By Miss C. Cahalan

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President of the Irish Union of Distributive Workers and Clerks

October 1921

At the moment of writing the question as to who is to rule this country is being discussed in every quarter across the globe. The conversations and conferences that are taking place between the British Prime Minister and Dail Eireann may, and we pray with all our soul that they will, terminate in peace and freedom for our tortured people. What the measure of that freedom will be for the workers of Ireland will soon be made apparent. Is it to be the same kind of freedom that the working classes of the great Republics of France and America enjoy? — or is it freedom in the sense that P.H. Pearse meant freedom when he said: -

“Let no man mistake who will be lord when Ireland is free. The people will be lord and master. The people who wept in Gethsemane, who trod the sorrowful way, who died naked on the cross, who went down into hell will rise glorious and immortal, will sit at the right hand of God and will come in the end to give judgement, a judge just and terrible.”

Or in the sense of James Connolly meant freedom when he said: -

“Ireland as distinct from her people, is nothing to me: and the man who is bubbling over with love and enthusiasm for Ireland, and can yet pass unmoved through our streets and witness all the wrong and the suffering, the shame and the degradation brought upon the people of Ireland — aye, brought by Irishmen upon Irishmen and women, without burning to end it, is in my opinion, a fraud and a liar in his heart, no matter how he loves that combination of chemical elements he is pleased to call Ireland.”

Owing to the political situation and the millitary terrorism of the past two years those elected to represent and legislate for the people of Ireland have not defined, nor have they been asked to define, their attitude towards Irish Labour. Since the cessation of hostilities we have had Mr. de Valera’s speech to Congress at the Mansion House on the 1st August last, in the course of which he said, “Were is not for the cooperation and help of Labour the fight would not have been carried on.” It was pleasing to note that Mr. de Valera refrained from promises of a golden era style to Labour, as is the custom and ways of political leaders. One must respect him for it. Mr. de Valera knows that Labour will get the amount of freedom it is able of itself to take and keep. He also knows that under our present social system in any form of government that is likely to be established capital will undoubtedly be very strongly represented, and progressive and democratic elements will be hampered and obstructed.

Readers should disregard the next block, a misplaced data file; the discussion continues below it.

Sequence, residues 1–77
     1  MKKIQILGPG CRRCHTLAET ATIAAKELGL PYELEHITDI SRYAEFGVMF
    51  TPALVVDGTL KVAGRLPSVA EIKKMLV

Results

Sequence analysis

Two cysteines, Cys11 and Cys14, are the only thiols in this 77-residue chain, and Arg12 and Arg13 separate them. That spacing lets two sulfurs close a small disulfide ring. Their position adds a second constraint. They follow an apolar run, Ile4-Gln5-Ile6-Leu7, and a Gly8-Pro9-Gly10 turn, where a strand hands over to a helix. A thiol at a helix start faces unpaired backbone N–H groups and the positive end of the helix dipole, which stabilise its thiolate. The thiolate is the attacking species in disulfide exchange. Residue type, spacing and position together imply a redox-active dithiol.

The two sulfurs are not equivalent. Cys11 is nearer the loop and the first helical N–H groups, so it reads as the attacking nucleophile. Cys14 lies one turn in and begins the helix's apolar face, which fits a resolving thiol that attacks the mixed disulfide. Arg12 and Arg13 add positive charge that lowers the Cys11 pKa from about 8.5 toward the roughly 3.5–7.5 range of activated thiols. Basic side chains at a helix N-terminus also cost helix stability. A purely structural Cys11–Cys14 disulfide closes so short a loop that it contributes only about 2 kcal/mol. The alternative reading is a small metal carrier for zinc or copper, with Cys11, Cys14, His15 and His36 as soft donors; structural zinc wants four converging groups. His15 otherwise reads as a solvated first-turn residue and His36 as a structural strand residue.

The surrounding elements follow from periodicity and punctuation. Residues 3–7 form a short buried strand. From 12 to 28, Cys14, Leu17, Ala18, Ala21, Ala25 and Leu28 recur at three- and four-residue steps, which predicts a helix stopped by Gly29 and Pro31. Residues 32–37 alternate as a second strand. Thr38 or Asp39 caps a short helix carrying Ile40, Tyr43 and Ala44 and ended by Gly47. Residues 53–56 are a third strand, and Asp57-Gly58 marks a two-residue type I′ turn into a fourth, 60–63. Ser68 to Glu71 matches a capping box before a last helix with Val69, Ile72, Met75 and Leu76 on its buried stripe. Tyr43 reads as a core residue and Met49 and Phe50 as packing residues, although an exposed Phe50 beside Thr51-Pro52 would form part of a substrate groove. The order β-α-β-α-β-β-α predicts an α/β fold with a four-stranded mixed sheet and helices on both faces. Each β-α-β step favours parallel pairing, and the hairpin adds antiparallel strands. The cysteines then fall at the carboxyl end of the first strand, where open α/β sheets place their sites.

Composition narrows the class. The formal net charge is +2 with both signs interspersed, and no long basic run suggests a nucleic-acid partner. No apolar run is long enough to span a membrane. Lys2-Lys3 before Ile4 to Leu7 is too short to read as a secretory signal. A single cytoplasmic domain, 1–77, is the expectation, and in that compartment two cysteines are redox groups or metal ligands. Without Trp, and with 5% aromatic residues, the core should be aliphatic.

Meantime Irish Labour leaders have avowed their allegiance to the doctrines of Pearse and Connolly. On them rests the responsibility (and it is no light one) of showing the way of ensuring that whatever form of native government we may be living under in the future, or whatever kind of a new social order may be founded, that the “rights of man,” not the rights of “private property,” shall be its cornerstone.

The time is fast approaching when Irish Labour must “nail its colour to the mast.” Will Labour in Ireland become a kind of left wing of a bourgeois middle class Assembly, or will it abandon the political arena and rely upon industrial action as a surer means of securing and maintaining the rights of the working class?

We have had some evidence recently of the temper of the rank and file. The miners at Arigna, the creamery workers at Knocklong and Bruree, the Cork Harbour Board employees, and last, but not least, the steel workers at Drogheda, having practical illustrations of their method of securing reforms. The masses of the workers will not, if one is to judge the sign of the time by incidents such as those referred to, be at fault if the ideals of James Connolly are not on the way to realisation.

The toiling masses are no longer content with the rôle of Lazarus to the modern Divas and snatch at his crumbs. They know that they have a God-given right to be all the good things the earth holds for human beings. The time is past for masters who

“Grudge them e’en the breeze that once a week

Might make them feel less weary and deject.”

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